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Village of Agnew once hotspot for communicating with the dead

Kevin S. Collier • Jul 21, 2015 at 2:39 PM

Agnew is located where Lake Michigan Drive meets U.S. 31. From the 1870s to the turn of the 20th century, nowhere else in the county was as actively engaged.

First known as Johnsonville — named for John Behm in the early 1860s — it became the Village of Agnew in 1889 when Edward E. Stites platted the land as a tiny, unincorporated community.

According to reports, paranormal activity began at the Johnsonville Saloon. The establishment, branded as “notorious” by the Grand Haven Tribune, was constructed in the late 1860s by Gideon Harris. An aged Agnew resident told the Tribune in an 1893 article that “spirits were seen in the building frequently” in the mid 1870s. “Darned bad ones, too,” he added.

Compounding the situation were characters like Bertha “Grannie” Gindle, an aged fortune teller who made her home in Johnsonville with her husband, John Webster, in the 1870s. Gindle, reportedly a practitioner of black magic, engaged in little more than card readings, predicting futures and conducting trivial illusions.

Interest in spiritualism developed as townsfolk attended séances, where mediums claimed to communicate with the dead — entertaining some, but convincing others the practice was legitimate.

After the passing of Bertha Grindle’s husband, she moved to Muskegon, where she died on March 20, 1890. She was reported to be 102 at the time of her passing. For some residents of Agnew, it wouldn’t be the last they heard from the fortune teller.

The late 1880s spelled the end of the Johnsonville Saloon when Edward Stites purchased the building, adding to the structure making his home. When business took him away to live in Millington, Ill., in late 1892, he rented the home to Richard Griffith and his wife. No sooner had they moved in that the Griffiths began to hear phantom footsteps and strange noises, compelling them to move out in March 1893.

Stites was notified of the disturbance and returned to Agnew to investigate. The Tribune published articles about the unusual events — one which featured a headline, “The little town of Agnew has a sensation: a haunted house.”

On June 8, 1893, a storm struck Agnew “a few moments after midnight,” according to the Tribune, and a number of unearthly yells were heard originating from the Stites haunted house.

“(It) awakened nearly every person in the village,” the Tribune reported. Several people rushed outdoors and claimed to have witnessed an unbelievable sight — a “witch” on the back of a horse at full gallop pass by the post office and vanish into the darkness.

“Oh, John, oh John, thou’ll get thy fairing,” witnesses said they heard the witch shriek. “In hell they’ll roast thee like a herring.”

“Several of our old citizens who saw the witch plainly by the lightning flashes, say it was old Grannie Grindle, the old Johnsonville fortune teller who died in Muskegon a few years ago,” the Tribune reported. “They say they also knew her voice.”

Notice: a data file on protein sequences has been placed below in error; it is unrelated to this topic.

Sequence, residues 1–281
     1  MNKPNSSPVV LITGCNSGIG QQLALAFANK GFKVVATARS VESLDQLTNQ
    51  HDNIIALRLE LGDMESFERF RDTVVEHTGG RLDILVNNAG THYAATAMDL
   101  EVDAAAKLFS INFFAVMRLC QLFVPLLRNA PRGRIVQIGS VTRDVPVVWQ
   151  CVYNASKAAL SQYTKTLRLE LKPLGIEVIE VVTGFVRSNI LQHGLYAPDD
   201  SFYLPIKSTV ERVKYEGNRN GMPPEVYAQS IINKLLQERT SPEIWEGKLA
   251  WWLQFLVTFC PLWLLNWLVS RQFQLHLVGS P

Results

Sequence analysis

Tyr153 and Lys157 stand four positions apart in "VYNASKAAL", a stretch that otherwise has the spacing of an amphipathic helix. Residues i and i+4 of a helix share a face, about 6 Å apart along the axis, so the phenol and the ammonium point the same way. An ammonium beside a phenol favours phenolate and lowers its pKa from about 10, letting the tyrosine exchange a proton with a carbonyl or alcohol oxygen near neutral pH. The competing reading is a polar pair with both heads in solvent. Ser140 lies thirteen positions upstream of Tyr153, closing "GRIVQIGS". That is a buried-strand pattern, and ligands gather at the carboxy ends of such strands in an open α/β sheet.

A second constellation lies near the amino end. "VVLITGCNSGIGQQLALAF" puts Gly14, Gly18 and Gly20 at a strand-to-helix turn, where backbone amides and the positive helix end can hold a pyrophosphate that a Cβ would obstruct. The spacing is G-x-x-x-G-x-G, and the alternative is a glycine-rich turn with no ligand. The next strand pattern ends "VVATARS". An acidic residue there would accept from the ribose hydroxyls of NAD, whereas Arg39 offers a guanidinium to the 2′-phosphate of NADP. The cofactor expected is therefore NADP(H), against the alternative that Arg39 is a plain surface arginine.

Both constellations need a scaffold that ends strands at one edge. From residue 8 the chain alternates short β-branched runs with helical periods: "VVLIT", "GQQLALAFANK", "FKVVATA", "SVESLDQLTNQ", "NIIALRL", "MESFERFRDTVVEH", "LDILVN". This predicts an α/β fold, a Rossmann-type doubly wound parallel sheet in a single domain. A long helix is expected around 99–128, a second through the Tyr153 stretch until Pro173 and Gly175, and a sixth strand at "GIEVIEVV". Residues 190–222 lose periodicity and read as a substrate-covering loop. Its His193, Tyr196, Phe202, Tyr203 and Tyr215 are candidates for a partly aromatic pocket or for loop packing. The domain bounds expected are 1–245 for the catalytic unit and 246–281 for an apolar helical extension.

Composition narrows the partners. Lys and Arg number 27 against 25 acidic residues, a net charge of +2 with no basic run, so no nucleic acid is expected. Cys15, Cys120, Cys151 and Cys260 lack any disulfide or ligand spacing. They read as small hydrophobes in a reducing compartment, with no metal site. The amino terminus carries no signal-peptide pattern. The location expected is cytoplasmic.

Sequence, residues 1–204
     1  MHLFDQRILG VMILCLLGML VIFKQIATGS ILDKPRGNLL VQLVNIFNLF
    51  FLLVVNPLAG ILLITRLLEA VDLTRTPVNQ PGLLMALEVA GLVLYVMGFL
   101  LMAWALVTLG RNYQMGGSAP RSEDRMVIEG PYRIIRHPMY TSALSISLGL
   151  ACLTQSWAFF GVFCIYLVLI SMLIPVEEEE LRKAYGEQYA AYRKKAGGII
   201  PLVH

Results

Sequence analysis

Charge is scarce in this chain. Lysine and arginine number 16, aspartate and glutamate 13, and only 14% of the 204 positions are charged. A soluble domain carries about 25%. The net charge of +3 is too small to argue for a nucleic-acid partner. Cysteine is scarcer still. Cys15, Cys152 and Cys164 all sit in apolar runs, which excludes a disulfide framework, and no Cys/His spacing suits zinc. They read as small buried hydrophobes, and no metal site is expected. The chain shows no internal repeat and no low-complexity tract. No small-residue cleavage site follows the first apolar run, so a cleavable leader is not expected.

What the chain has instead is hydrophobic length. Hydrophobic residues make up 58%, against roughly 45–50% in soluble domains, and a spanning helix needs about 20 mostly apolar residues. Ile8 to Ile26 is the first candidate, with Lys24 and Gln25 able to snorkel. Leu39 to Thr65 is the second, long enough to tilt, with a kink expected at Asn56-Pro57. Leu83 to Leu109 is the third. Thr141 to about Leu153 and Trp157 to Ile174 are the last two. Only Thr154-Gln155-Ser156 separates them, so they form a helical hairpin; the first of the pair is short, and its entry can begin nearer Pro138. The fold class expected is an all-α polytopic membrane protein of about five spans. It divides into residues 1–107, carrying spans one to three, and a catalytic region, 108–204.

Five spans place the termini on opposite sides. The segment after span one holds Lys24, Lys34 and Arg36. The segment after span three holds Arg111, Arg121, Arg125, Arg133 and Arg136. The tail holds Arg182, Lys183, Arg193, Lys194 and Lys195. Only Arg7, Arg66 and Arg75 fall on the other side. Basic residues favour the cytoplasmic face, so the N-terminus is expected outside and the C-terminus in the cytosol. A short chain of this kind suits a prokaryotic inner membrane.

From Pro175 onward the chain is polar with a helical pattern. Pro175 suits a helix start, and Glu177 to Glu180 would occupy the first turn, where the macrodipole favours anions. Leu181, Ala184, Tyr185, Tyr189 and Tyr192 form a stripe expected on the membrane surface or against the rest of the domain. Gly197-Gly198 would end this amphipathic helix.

Efforts to conjure up spirits accelerated in Agnew after that. Word spread, which attracted outsiders to the area, like Joseph King, a spiritualist medium. He conducted a series of séances at Agnew. A female medium who went by the name of “Mrs. Strange” also arrived to communicate with the dead loved ones.

On Jan. 20, 1894, the Tribune reported the escalation of demonic activity in Agnew and sounded a warning.

“Young estimable ladies have been tried to be seduced into their devilish incantations by mesmerism or hypnotism,” the Tribune reported. “It is high time for right-thinking people who are raising families to speak out.”

However, one Agnew family — Daniel Suits and his children — appeared to be part of the problem. The Suitses, heavily into spiritualism, had become practitioners. Daniel’s 12-year-old daughter, Nellie, claimed to be controlled by the spirits of 12 wild Indians, and younger brother Elmer was “a medium controlled by a big Indian.”

Nellie Suits got townsfolk whipped up when she claimed a treasure chest of gold, buried decades ago by a man named William Overton, was a short distance northwest of her home. Agnew spiritualists, which the newspaper called “disciples,” grabbed shovels and headed to the location.

“A circle was formed ‘round the spot, the medium (Nellie) went into a trance, the ghost dance was performed by the leaders of the Agnew spiritualism, and digging commenced in earnest,” the Tribune reported.

But when the chest was uncovered, it mysteriously “vanished” before everyone’s eyes.

“The public here are thoroughly disgusted with the business. Nothing ever happened to Agnew that hurt it as this fanaticism has done,” the Tribune reported. “Those who are at the bottom of this iniquity are despised by all people who want to do right.”

After this, it appears the spiritualist movement in Agnew either died down or went underground. Either way, the village remains unrivaled by any other location in Ottawa County history for spiritualist activity and practice.

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